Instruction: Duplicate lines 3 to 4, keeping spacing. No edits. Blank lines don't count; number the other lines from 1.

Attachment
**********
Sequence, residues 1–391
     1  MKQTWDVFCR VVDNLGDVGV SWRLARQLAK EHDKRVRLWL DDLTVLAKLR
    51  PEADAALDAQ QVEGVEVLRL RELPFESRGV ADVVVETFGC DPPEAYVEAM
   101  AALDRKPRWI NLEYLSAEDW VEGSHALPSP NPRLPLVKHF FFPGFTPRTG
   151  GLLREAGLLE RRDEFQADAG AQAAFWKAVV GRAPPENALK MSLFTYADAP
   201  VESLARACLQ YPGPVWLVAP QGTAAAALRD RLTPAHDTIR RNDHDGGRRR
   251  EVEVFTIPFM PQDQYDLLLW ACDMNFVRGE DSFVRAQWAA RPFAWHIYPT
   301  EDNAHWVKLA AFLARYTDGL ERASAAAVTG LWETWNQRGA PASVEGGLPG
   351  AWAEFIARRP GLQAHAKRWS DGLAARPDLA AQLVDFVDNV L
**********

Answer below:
    51  PEADAALDAQ QVEGVEVLRL RELPFESRGV ADVVVETFGC DPPEAYVEAM
   101  AALDRKPRWI NLEYLSAEDW VEGSHALPSP NPRLPLVKHF FFPGFTPRTG